domingo, noviembre 30, 2014

GRAIN report: How does the Gates Foundation spend its money to feed the world?

GRAIN | 04 November 2014 | Against the grain
Listening to farmers and addressing their specific needs. We talk to farmers about the crops they want to grow and eat, as well as the unique challenges they face. We partner with organizations that understand and are equipped to address these challenges, and we invest in research to identify relevant and affordable solutions that farmers want and will use.”
First guiding principle of the Gates Foundation's work on agriculture.1
At some point in June this year, the total amount given as grants to food and agriculture projects by the Bill and Melinda Gates Foundation surpassed the US$3 billion mark. It marked quite a milestone. From nowhere on the agricultural scene less than a decade ago, the Gates Foundation has emerged as one of the world's major donors to agricultural research and development.
Bill Gates at Cornell University, trying to cross-pollinate wheat. (Photo: Cornell University)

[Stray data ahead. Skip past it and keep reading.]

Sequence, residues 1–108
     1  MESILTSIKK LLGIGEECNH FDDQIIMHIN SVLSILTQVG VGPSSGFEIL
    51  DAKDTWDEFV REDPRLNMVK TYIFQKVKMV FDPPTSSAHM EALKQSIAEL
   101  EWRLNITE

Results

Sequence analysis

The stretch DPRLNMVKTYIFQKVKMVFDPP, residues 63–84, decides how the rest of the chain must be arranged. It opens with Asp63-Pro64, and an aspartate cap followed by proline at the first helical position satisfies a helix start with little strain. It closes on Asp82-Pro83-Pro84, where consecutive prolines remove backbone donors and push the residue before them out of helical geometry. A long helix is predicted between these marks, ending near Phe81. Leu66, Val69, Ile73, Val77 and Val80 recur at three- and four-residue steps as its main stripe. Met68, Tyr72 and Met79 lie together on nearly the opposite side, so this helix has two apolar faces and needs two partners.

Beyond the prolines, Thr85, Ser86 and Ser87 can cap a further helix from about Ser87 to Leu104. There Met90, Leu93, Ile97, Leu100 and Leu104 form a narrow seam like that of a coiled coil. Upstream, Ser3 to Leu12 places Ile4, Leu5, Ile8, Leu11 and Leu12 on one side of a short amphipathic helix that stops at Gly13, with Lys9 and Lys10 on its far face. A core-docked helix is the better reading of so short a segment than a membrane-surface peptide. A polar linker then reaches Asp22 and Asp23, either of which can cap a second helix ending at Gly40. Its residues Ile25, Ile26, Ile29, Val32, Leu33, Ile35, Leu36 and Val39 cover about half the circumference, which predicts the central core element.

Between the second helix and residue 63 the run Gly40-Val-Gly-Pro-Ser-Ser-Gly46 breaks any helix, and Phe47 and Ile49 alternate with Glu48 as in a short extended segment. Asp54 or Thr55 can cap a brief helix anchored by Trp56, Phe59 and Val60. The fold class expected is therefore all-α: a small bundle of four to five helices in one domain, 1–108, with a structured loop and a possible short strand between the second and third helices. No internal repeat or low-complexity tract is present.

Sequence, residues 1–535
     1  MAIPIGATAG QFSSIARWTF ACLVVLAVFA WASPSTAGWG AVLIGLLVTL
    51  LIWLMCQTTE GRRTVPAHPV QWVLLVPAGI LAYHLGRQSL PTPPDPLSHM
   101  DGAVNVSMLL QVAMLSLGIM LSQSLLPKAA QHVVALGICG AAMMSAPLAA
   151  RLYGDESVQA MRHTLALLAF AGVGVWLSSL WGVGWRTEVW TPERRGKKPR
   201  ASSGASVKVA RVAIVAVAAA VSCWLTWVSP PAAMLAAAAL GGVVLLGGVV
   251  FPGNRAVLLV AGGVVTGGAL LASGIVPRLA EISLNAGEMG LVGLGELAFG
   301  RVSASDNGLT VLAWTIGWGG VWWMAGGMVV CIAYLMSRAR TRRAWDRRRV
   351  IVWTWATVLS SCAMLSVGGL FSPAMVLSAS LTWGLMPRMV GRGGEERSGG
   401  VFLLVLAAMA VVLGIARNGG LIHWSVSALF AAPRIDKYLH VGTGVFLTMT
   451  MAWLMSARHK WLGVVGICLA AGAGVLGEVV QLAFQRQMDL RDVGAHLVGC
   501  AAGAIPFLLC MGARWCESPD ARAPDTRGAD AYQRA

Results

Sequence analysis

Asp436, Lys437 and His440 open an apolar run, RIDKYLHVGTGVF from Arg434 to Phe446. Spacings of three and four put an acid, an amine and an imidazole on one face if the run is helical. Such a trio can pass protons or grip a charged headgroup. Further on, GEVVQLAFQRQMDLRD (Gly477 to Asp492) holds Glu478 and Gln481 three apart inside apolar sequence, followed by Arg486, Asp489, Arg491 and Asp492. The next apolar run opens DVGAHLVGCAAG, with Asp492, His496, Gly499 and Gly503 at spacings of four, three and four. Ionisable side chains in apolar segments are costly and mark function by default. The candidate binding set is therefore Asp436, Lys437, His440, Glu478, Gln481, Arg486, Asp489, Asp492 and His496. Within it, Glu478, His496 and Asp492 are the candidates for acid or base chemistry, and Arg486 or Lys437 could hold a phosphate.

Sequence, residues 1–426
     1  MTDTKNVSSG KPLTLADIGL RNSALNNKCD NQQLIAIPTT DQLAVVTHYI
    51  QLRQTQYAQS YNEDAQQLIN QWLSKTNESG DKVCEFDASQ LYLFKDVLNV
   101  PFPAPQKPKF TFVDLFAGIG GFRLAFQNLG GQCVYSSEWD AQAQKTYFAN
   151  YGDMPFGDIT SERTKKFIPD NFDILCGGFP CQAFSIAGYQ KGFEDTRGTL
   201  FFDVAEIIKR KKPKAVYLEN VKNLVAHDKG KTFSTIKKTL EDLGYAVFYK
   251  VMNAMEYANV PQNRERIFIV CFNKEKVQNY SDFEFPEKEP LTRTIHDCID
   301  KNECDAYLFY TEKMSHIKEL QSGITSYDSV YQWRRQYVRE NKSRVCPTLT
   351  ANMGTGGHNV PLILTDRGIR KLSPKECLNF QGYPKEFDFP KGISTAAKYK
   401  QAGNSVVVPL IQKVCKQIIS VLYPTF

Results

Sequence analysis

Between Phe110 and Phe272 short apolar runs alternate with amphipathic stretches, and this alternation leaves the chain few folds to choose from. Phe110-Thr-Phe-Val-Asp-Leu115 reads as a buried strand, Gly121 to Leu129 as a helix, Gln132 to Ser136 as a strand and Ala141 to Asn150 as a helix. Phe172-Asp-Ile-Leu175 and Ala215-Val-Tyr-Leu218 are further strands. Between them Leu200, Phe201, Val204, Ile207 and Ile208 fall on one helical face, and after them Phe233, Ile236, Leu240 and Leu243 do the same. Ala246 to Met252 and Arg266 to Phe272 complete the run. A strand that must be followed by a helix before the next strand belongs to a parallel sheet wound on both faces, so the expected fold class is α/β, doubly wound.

Bill Gates at Cornell University, trying to cross-pollinate wheat. (Photo: Cornell University)
The Gates Foundation is arguably the biggest philanthropic venture ever. It currently holds a $40 billion endowment, made up mostly of contributions from Gates and his billionaire friend Warren Buffet. The foundation has over 1,200 staff, and has given over $30 billion in grants since its inception in 2000, $3.6 billion in 2013 alone.2 Most of the grants go to global health programmes and educational work in the US, traditionally the foundation's priority areas. But in 2006-2007, the foundation massively expanded its funding for agriculture, with the launch of the Alliance for a Green Revolution in Africa (AGRA) and a series of large grants to the international agricultural research system (CGIAR). In 2007, it spent over half a billion dollars on agricultural projects and has maintained funding at around this level. The vast majority of the foundation's agricultural grants focus on Africa.


We could find no evidence of any support from the Gates Foundation for programmes of research or technology development carried out by farmers or based on farmers' knowledge, despite the multitude of such initiatives that exist across the continent. (African farmers, after all, do continue to supply an estimated 90% of the seed used on the continent!) The foundation has consistently chosen to put its money into top down structures of knowledge generation and flow, where farmers' are mere recipients of the technologies developed in labs and sold to them by companies.

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